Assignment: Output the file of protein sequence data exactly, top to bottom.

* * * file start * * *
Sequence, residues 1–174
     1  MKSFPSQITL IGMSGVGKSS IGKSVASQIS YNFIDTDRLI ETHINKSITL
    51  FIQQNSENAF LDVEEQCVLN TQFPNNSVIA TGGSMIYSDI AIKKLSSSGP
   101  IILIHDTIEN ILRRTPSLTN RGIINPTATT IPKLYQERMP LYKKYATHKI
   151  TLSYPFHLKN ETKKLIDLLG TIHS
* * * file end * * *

Sequence, residues 1–174
     1  MKSFPSQITL IGMSGVGKSS IGKSVASQIS YNFIDTDRLI ETHINKSITL
    51  FIQQNSENAF LDVEEQCVLN TQFPNNSVIA TGGSMIYSDI AIKKLSSSGP
   101  IILIHDTIEN ILRRTPSLTN RGIINPTATT IPKLYQERMP LYKKYATHKI
   151  TLSYPFHLKN ETKKLIDLLG TIHS